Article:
By NITIPOL KIRAVANICH,
PM not to get power to propose key bills, but unelected PM still a possibility
THE CONSTITUTION Drafting Committee looks set to go through the draft charter article by article on Thursday with some changes proposed for key controversial elements.
CDC spokesman Kamnoon Sidhisamarn said yesterday that while a clause concerning an appointment of a non-MP as prime minister would be maintained, members of the committee agreed that a requirement of two-thirds of MP votes for such an outsider must be achieved, even when a 30-day PM selection period had passed.
A provision for a mixed proportional representation electoral system has also been maintained, but CDC members agreed to increase the number of MPs from 250 to 300, while reducing the number of party-list MPs from 200 to 150.
The open-party-list system would be suspended in the meantime until an electronic voting system was adopted, Kamnoon added.
Regarding Article 181, the CDC agreed to allow opposition camps to launch a no-confidence debate. The CDC members also agreed to remove Article 182, which would have granted a prime minister authority to propose important bills.
Kamnoon said the CDC had proposed a new reform body. The Cabinet did the same last week through the National Law Assembly’s passing of constitution amendments, and he was not sure whether it was the same or a different body. This would be further worked out during the deliberation next week.
For an element concerning reconciliation, Kamnoon said the CDC found that the Cabinet’s proposal to merge two committees working on reform and reconciliation promotion was interesting, and it would consider whether it should write an organic law to support it.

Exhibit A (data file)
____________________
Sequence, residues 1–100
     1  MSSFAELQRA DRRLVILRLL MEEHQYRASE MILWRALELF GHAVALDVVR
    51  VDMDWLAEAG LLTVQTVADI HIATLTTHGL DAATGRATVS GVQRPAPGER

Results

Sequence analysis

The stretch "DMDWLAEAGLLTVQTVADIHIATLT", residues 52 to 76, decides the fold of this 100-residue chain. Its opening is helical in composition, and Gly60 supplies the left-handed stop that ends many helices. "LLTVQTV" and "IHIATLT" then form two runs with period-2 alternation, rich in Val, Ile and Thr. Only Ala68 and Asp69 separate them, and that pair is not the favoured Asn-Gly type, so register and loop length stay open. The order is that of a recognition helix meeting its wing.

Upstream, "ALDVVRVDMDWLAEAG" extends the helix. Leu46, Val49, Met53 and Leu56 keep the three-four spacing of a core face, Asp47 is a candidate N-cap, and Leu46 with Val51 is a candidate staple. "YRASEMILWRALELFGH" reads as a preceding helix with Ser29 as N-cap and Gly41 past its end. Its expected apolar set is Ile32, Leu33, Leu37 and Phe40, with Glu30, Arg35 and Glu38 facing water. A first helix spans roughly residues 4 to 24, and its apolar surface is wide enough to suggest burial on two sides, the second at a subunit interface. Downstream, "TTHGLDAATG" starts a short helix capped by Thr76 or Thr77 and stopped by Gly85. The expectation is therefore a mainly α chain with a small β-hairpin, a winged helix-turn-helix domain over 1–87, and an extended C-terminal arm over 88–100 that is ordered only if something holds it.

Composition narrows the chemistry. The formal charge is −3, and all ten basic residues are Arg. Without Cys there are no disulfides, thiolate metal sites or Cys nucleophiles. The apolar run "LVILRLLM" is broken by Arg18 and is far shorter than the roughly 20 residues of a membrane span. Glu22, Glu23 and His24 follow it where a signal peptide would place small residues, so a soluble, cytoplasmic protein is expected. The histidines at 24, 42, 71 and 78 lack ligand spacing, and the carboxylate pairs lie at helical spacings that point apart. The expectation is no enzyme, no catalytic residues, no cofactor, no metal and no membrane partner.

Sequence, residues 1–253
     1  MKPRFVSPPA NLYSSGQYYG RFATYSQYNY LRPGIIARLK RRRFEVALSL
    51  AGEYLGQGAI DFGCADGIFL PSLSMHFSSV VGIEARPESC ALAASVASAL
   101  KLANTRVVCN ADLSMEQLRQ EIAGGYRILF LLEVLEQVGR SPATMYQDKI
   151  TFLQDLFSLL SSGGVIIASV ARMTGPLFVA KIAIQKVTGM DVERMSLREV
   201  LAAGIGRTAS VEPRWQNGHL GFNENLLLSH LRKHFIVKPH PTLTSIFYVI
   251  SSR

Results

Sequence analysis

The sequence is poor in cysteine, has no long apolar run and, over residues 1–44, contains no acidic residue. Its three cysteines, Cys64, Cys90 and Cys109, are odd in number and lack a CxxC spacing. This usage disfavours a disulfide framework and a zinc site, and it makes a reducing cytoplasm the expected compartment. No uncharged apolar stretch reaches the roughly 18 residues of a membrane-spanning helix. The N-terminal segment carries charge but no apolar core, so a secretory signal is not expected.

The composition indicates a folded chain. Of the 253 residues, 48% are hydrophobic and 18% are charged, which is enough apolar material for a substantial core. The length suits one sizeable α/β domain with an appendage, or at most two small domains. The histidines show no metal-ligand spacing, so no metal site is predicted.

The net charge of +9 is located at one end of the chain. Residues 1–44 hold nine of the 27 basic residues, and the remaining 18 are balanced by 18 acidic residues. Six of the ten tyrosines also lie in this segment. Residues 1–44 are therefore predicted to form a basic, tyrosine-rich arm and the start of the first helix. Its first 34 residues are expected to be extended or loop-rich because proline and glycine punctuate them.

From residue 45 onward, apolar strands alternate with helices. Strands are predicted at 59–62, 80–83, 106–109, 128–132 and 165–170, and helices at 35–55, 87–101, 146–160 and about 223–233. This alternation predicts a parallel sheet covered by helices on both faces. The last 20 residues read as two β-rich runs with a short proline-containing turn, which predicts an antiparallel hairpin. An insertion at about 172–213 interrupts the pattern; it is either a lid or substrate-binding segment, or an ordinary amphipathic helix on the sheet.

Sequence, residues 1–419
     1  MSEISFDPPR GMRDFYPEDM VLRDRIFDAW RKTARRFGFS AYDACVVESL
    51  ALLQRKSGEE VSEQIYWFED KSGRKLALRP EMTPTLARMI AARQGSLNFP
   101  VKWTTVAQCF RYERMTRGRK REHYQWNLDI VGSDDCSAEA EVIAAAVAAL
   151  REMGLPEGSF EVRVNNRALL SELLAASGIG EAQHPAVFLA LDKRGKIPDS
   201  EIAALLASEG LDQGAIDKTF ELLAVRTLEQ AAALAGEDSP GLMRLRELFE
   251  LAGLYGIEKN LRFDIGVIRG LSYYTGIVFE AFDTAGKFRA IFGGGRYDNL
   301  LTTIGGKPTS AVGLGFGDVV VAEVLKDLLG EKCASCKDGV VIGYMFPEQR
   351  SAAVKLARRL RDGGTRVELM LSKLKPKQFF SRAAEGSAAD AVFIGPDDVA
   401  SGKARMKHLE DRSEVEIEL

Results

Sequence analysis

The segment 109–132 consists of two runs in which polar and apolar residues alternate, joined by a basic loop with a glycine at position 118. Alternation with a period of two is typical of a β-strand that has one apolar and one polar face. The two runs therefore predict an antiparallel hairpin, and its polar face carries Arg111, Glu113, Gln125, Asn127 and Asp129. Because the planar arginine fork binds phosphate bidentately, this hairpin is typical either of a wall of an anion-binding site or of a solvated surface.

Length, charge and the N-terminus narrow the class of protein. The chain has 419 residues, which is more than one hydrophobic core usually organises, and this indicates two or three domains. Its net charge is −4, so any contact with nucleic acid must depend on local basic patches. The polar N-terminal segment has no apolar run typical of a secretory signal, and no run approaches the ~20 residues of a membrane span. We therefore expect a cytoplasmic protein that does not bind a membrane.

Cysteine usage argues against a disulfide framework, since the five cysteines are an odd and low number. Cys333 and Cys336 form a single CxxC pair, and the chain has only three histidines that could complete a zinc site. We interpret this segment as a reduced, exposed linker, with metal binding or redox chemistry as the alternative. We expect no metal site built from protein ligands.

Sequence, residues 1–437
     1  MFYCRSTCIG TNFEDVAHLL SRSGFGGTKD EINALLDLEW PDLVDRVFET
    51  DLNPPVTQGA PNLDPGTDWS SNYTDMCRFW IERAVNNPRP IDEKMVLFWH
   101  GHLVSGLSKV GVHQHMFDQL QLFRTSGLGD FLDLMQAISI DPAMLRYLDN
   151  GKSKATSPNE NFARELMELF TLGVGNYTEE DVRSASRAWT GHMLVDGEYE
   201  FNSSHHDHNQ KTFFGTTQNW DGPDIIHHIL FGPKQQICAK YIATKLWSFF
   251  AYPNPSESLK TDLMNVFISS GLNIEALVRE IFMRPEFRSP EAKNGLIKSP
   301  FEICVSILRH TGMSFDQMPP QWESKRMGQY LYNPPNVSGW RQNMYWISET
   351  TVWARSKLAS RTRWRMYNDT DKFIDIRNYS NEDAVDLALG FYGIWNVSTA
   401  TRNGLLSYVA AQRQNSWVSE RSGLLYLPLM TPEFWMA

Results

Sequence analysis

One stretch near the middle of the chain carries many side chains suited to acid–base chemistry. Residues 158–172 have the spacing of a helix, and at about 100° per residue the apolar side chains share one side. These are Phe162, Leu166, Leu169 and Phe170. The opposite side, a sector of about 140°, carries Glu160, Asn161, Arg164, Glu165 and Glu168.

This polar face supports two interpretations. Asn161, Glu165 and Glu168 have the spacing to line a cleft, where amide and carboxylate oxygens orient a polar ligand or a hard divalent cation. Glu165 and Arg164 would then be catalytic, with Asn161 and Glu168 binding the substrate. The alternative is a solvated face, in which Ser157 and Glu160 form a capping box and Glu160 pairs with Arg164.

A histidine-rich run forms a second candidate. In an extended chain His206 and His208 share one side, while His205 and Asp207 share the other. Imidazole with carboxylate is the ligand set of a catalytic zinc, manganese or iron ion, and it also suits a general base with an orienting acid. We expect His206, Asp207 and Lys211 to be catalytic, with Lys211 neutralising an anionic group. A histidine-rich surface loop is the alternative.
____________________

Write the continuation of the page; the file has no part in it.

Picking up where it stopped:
Kamnoon stressed that the CDC was not perturbed by the sentiment the charter might be voted down.
“We are doing our best. We will take into account proposals and ensure that the spirit and major principles of the draft charter be maintained and acceptable for all,” Kamnoon said. He added that the CDC had to wrap up its week-long review on some key controversial elements tomorrow before being able to start the article-by-article deliberation.
In a related development, CDC member Paiboon Nititawan told The Nation that the CDC had managed to agree on some controversial points on election management. They agreed to remove a new election administration committee and leave only the Election Commission on the draft charter.
Earlier the CDC had inserted an “election administration committee” to organise elections, but some observers had voiced concern that its authority would be a duplicate that of the EC and there was no need to have a new organisation. It would direct elections of MPs, authorities in local administrations, and hold a national referendum. This would in turn reduce the EC’s power.
Former Democrat Party deputy leader Nipit Intrasombat strongly voiced support for this scrapping of the provision for a new election committee, saying the new system suggested a tie with some military officers from the Ministry of Defence who would sit on the committee. “We have left the system under which the military played a role in controlling an election for some time,” Nipit said.
The CDC also agreed to keep the Office of the Ombudsman and National Human Rights Commission separate. But this would come with a condition that these two organisations must form another committee to scrutinise possible interference between one another and solve problems together.